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Creating a Logo / Turtle Graphics Textual DSL using Oslo MGrammar

Creating a Logo / Turtle Graphics Textual DSL using Oslo MGrammar

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In the early 1980's a programming language called Turtle Graphics was used as a means of introducing novices to programming on the BBC Microcomputer. Turtle graphics, a graphical version of Logo, helped introduce people to programming using a simple functional language that provided instant visual gratification allowing the user to move a triangular turtle across the screen using simple commands such as forward, backward, right turn and left turn.

At PDC this year the Connected Systems team introduced a new language called "M" - which allows textual DSL's to be created. I will talk more about this language in future posts especially compared with the F# Lexer and Parser that we used to create our textual DSL for SecPAL, but first I wanted to create a programming language with which to learn Mg. I thought a version of Turtle Graphics would be fun - and interesting for anyone else interested in experimenting with or learning Mg.

The programming language I am liberally calling Logo (and the associated interpreter) are fairly simple - but I thought it would be fun for people to play with, especially those with children who are looking for new ways to introduce their kids to progamming. I did the bulk of the work specifying the grammar for this simple version of Logo on the flight back from LA to Seattle - which should give you a sense of how intuitive Mg is - and how productive the Intellipad authoring experience is.

Given that Thanksgiving is just two days away I figured it would be patriotic (odd coming from an Aussie/Kiwi/Pom hybrid) to show how simple it is for this language to draw the United States flag - a design which obviously would make significant use of loops and nested loops.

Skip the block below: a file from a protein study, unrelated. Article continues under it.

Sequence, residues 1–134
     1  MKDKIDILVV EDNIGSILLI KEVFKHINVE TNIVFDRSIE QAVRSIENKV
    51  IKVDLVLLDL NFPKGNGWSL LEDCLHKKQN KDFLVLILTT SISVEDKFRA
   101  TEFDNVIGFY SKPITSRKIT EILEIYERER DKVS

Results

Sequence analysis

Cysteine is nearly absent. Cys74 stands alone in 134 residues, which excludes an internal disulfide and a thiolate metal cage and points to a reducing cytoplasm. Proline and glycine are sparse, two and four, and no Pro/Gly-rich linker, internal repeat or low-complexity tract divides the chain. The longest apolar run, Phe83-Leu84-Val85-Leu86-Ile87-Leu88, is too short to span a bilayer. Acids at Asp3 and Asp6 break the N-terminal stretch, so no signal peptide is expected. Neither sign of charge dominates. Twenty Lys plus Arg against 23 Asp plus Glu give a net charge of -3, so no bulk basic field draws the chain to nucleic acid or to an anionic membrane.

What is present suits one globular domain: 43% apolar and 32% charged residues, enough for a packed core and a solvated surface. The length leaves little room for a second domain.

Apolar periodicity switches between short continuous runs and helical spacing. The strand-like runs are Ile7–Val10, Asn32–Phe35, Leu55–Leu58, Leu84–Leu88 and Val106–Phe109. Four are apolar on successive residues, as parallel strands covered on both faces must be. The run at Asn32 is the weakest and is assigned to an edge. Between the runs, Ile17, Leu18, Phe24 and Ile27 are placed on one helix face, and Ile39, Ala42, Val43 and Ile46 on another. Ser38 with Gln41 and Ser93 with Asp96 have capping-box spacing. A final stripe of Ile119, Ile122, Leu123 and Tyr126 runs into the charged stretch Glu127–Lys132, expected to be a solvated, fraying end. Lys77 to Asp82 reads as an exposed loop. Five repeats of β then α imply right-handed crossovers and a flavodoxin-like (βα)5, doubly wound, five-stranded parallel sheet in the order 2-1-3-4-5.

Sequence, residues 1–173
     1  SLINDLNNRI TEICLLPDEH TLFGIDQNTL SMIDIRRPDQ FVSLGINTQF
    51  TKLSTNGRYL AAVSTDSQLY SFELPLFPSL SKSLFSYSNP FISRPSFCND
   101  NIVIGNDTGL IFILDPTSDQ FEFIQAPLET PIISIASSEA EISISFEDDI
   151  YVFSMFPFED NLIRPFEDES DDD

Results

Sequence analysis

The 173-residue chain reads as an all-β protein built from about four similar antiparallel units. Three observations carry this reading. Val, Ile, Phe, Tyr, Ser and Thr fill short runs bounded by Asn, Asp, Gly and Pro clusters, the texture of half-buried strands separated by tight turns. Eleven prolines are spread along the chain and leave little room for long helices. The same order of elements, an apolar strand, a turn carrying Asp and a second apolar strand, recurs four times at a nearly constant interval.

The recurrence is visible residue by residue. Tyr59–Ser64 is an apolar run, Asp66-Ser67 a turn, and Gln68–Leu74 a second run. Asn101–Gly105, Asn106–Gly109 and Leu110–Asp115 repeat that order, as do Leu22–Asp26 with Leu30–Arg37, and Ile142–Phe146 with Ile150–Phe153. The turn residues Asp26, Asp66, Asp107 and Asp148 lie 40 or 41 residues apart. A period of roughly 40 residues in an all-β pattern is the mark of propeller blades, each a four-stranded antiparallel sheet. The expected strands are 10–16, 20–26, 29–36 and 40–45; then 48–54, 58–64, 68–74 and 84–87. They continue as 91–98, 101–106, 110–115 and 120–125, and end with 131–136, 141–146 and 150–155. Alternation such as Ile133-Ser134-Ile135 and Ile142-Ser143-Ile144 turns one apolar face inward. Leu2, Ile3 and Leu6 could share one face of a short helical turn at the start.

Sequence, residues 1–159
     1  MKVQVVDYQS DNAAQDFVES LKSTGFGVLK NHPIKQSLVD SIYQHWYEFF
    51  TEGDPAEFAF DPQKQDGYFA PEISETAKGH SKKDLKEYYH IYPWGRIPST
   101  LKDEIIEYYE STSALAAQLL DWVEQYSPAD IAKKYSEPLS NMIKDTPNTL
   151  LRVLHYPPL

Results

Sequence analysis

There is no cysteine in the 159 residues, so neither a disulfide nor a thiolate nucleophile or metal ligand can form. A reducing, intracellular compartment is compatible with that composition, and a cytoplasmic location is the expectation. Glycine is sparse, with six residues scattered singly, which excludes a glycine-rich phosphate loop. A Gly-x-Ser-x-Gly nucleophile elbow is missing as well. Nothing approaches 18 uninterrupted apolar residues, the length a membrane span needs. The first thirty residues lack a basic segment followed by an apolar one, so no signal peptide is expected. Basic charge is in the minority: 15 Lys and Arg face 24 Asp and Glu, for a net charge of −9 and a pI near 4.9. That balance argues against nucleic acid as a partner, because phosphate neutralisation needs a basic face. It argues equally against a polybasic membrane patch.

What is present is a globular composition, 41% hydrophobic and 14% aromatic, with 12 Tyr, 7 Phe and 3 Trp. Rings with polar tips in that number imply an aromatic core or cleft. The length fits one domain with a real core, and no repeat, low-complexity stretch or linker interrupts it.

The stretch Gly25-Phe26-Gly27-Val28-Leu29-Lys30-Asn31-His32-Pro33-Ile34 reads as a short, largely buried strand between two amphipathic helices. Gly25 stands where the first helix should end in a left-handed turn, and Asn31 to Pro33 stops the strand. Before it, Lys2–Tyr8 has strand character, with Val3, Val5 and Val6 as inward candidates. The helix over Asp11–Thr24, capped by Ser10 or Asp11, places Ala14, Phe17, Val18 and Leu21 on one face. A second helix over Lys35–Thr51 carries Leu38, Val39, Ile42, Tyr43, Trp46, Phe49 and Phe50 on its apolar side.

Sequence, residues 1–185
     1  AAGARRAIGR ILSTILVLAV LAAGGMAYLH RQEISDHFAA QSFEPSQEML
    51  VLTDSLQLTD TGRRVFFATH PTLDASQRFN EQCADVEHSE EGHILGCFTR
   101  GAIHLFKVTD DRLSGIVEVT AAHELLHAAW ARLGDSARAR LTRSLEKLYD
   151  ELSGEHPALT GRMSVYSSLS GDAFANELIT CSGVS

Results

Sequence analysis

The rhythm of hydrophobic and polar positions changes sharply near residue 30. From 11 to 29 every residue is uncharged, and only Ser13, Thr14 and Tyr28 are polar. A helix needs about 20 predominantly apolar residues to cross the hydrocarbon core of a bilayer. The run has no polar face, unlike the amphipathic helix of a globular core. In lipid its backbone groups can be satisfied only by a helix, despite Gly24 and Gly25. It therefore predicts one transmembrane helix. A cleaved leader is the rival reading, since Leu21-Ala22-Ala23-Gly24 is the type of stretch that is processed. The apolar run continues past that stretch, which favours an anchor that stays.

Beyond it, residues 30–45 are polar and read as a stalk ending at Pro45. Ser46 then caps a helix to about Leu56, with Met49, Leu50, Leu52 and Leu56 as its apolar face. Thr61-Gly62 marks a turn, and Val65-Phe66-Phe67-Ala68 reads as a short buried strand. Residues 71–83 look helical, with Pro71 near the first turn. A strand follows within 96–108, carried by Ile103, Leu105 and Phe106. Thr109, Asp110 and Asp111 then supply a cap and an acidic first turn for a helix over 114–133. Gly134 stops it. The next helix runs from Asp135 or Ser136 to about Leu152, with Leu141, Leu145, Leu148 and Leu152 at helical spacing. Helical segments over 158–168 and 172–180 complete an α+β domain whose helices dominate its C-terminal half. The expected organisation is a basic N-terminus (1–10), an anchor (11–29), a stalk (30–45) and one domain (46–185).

Logo Editor 

The screenshot above shows the output from this program. The complete logo program listing is also included below so you can see how complex objects can be created using a simple grammar comprising of just 5 commands:

    - Commands - Commands perform actions such as moving or rotating.
        Rotate n - Rotate 'n' degrees
        Draw n - Draw a line 'n' pixels long
        MoveAbs x, y - Move to an absolute position
        Move x,y - Move to a position relative to last move / draw command
    - Loops - Sets of instructions which are executde iteratively. Loops can be nested.
        Loop n { [Command] }

I have attached the full source code for this so that you can play with this yourself. The source code is based on the PDC (October?) version of Oslo which you will have to first download from MSDN. The language could easily be extended to include color, line widths, other types of lines such as bezier curves etc - which should provide a good introduction for anyone interested. Post pointers if you do anything fun with this.

In addition to the formal grammar for my logo language (logo.mg) the .zip file also includes a WPF interpreter that interprets the parsed output of our logo programs and converts them into WPF Path Geometry syntax. There is also a simple editor that allows you to edit and run our Logo programs - providing a nice easy way to start teaching your children to program. Or for yourself to start modifying the language as described above.

Enjoy!!! And (to those in America) Happy Thanksgiving...

// Logo (and Mg) sample program 
// Happy Thanksgiving!

// Move to top left
MoveAbs 25,25

// Draw five rows of stars
Loop 5
{
   // Draw ten columns of stars
   Loop 10
   {
   // Draw five points to make each star
   Loop 5
   {
         Rotate -54
         Draw 5
         Rotate 126
         Draw 5
   }
   Move 20 -1
   }
   Move -210,20
}

// Draw the lines next to the stars
MoveAbs 430,25
Rotate -90
Loop 5
{
   // Lines are 5 pixels high
   Loop 5
   {
      Draw 200
      Move 200,1
   }
   Move 0 15
}

// Draw the lower lines on the flag
MoveAbs 430,125
Loop 5
{
   // Lines are 5 pixels high
   Loop 5
   {
      Draw 410
      Move 410,1
   }
   Move 0,15
}

Attachment: logo.zip
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